Year-on-year, prices have risen 3.7% compared to August 2019. The analysis also reveals that demand is 34% up on August last year. With property prices reversing losses recorded in May and June, Nationwide chief economist Robert Gardner said: “The bounce-back in prices reflects the unexpectedly rapid recovery in housing market activity since the easing of lockdown restrictions.”

Separate data from Zoopla show that housing market activity is running at its strongest pace in over half a decade, with agreed sales in August up 76% against the five year average.

Covid-19 general news

The World Health Organisation said anti-inflammatory steroids should be used to treat covid-19 in patients who need oxygen support. A large study provided a “clear signal” that low-dose hydrocortisone, dexamethasone and methylprednisolone reduced mortality, it said. An earlier study of dexamethasone by Oxford University had produced a similar result.

GSK reported it expects to start Phase 3 trials for its Covid-19 vaccine by the end of 2020. It says that 400 people have been enrolled in its Phase 1/2 study.

The U.S. Centers for Disease Control and Prevention has told states to prepare for a Covid-19 vaccine to be ready by Nov. 1, a date that suggests the federal government anticipates a vaccine will become available just days before President Donald Trump stands for reelection

France reported that new cases are being added at the fastest weekly pace since the pandemic began, and new infections in Spain remained near a four-month high.

The Rock and former Italian Prime Minister Silvio Berlusconi joined other high profile names to contract the virus.


The FTSE 100 climbed 1.3% yesterday as the pound fell against dollar and the value of the export heavy FTSE’s  earnings were boosted. Diageo and GSK both big USD earners jumped around 3.7% and 3% respectively.

U.S. equities set a fresh all-time high, amid signs that the global rally is broadening into other sectors and away from technology. Several of this year’s big tech winners, including Apple Inc., Zoom Video Communications Inc. and Tesla Inc fell as profits were taken.  Asian stocks except for Japan were generally down.  The Nikkei closed up 0.94%. Hong Kong HSI is down -0.57%. China Shanghai SSE is down -0.67%. Singapore Strait Times is down -0.63%. In the US DOW rose 454.84 pts or 1.59% to 29100.50.  A 29568.57 record high is now within reach. The S&P 500 rose 1.54% to 3580.84, record and the NASDAQ rose 0.98% to 12056.44, also a record.

Oil prices fell 30 cents to $44.12 per barrel. Gold Prices fell $12.10 per ounce to $1,932.20 per ounce.

Housebuilders benefited from gains following Nationwide’s update on August strong price trends. Barratt Development jumped 8.7% to 548p whilst Berkeley Group rose 204p to 4717p as investors took a positive short-term view of trading given the stamp duty holiday.

EU lead negotiator Michel Barnier says the UK risks crashing out of the EU without a trade deal because of its refusal to compromise, he is “worried and disappointed” after Downing Street refused to make any compromises during recent informal talks.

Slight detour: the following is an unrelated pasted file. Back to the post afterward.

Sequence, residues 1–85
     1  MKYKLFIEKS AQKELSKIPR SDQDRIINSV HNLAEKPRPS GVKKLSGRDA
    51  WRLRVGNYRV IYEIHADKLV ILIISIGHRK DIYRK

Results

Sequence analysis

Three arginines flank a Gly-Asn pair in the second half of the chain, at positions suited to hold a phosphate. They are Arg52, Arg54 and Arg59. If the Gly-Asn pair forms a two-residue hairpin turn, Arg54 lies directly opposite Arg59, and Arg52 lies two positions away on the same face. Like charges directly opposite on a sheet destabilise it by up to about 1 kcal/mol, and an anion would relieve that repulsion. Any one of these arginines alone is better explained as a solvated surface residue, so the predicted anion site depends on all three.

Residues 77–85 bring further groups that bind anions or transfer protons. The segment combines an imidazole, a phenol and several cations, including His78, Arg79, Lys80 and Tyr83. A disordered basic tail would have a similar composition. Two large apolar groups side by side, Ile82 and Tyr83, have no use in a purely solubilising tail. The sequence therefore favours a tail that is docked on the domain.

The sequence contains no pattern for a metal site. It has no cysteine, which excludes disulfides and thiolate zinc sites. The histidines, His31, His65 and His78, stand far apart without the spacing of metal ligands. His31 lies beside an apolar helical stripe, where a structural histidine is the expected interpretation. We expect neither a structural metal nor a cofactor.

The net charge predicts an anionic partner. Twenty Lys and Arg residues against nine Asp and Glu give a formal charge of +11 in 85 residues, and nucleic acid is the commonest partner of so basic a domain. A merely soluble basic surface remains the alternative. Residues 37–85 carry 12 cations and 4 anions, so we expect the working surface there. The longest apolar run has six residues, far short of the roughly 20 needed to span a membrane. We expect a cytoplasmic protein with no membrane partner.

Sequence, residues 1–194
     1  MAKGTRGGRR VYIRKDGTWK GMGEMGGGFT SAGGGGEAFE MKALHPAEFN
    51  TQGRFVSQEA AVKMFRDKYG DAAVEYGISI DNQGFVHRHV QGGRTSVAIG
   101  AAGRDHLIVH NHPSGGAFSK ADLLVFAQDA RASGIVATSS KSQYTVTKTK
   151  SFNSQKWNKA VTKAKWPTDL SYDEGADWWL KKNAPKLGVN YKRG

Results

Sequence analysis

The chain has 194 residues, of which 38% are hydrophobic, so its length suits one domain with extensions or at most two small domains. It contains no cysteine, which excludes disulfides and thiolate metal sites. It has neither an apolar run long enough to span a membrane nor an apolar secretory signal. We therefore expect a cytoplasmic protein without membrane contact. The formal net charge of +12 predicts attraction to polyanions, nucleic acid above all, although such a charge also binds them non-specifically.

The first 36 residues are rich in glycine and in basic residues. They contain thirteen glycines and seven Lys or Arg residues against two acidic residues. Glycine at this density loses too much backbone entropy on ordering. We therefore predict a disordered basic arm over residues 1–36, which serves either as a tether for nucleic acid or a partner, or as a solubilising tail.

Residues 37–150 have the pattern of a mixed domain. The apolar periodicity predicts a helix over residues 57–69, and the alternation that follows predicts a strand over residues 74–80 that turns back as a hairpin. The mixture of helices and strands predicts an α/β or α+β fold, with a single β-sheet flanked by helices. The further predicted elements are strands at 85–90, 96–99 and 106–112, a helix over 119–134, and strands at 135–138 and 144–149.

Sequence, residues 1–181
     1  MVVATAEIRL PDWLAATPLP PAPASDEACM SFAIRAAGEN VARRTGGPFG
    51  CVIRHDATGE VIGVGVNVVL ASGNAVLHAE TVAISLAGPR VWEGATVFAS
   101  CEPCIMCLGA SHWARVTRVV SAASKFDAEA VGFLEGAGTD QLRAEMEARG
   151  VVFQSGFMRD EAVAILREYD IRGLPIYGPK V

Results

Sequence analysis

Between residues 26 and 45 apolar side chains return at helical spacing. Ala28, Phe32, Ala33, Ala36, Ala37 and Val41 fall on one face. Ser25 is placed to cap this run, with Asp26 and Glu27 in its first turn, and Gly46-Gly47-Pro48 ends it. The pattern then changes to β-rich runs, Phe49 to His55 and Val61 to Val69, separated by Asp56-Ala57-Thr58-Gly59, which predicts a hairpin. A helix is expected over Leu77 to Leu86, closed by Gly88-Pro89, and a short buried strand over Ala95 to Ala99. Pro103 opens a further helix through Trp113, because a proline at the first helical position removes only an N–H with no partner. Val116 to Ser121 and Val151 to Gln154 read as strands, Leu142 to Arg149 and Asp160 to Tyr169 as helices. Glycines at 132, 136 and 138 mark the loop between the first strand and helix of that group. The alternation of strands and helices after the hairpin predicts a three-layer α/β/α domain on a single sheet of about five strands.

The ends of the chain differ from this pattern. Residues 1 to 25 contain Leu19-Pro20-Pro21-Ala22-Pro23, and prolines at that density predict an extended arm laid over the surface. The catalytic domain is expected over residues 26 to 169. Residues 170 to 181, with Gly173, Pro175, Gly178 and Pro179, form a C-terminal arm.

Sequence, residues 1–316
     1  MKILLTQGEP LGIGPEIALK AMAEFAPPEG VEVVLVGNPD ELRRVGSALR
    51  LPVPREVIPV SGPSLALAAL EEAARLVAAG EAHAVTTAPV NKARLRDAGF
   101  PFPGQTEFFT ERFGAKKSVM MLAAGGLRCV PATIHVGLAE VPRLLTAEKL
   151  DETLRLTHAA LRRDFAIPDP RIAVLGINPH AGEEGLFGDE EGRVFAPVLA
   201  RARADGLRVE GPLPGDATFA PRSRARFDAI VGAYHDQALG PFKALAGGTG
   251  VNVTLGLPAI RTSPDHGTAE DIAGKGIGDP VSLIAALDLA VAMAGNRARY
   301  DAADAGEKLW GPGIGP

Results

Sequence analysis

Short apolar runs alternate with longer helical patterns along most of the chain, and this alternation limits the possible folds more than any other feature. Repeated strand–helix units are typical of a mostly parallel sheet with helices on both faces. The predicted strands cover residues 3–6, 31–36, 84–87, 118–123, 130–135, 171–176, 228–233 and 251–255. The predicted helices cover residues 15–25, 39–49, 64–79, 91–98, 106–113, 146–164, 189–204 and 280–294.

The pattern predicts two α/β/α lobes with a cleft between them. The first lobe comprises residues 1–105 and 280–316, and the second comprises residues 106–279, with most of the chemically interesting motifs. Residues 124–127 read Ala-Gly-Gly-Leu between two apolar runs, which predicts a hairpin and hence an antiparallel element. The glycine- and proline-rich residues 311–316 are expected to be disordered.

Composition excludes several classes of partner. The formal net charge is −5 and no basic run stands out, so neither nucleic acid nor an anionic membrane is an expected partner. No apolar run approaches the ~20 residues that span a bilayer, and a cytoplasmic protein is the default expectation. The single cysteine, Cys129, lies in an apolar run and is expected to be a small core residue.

CEO pay

Total CEO pay rose by 5.5% in 2019 according to a study by Willis Towers Watson a sharp drop from the 13.7% rise in 2018.

Italy lures super-rich with tax break

Figures show that wealthy Brits are taking advantage of tax breaks designed to lure the super-rich to Italy, with a €100,000-a-year flat tax, payable on money earned abroad by anyone who transfers their tax residence to Italy, seeing 78 high-worth Britons relocating since 2017. In total, 784 wealthy individuals have made the switch, with Britain accounting for the biggest proportion, followed by France (58), the US (20) and Russia (19).

Apple app developers to shoulder cost of tech tax

Apple has said app developers will bear most of the cost of the 2% digital services tax, with the levy set to be charged on apps in the coming days. Developers on Apple’s App Store take at least 70% of an app’s sales after taxes, meaning the cost of the new tax will hit the companies that design and engineer the apps. Adding the 2% levy to existing VAT charges will reduce the amount that both developers and Apple itself receive from app sales.

Audit fee increases hit contractors

The Times reports that firms with government contracts are bearing the brunt of accounting failures surrounding the collapse of Carillion, with the construction and outsourcing sector facing “spiralling” audit fees.

Analysis shows that fees paid by Capita to KPMG have risen from £3.4m a year to £5.9m in three years, while Serco’s audit fee last year, also paid to KPMG, was up 58% to £1.9m.

The figures, which are quoted on a like-for-like basis for the statutory audit, show that other companies in the sector have seen audit fee increases of between 10% and 20%.

The Times says the fallout from Carillion failing – including criticism from the Cabinet Office – has “effectively … put up a red flag over the audits of government contractors”, with KPMG, Deloitte, PwC and EY understood to have been increasing resources in audits in the sector to produce higher-quality checking of supposedly higher-risk clients.

Don’t let Covid-19 bust your business!

It will if your cash flow dries up, either sooner or later.

The Credit Protection Association (CPA) has been assisting thousands of UK businesses to get paid since 1914. We have seen many financial crises, this one will be particularly deadly for suppliers for sometime to come.

CPA eases cash from tardy debtors – Efficiently, Effectively, Economically and Ethically. Above all tactfully, because maintenance of goodwill is paramount.

To meet the needs of creditors in the current crisis, we have designed a “critical care” package especially tailored for the situation.

  • The annual package costs start at very low rates
  • A minimum performance warranty is provided
  • Several complimentary services included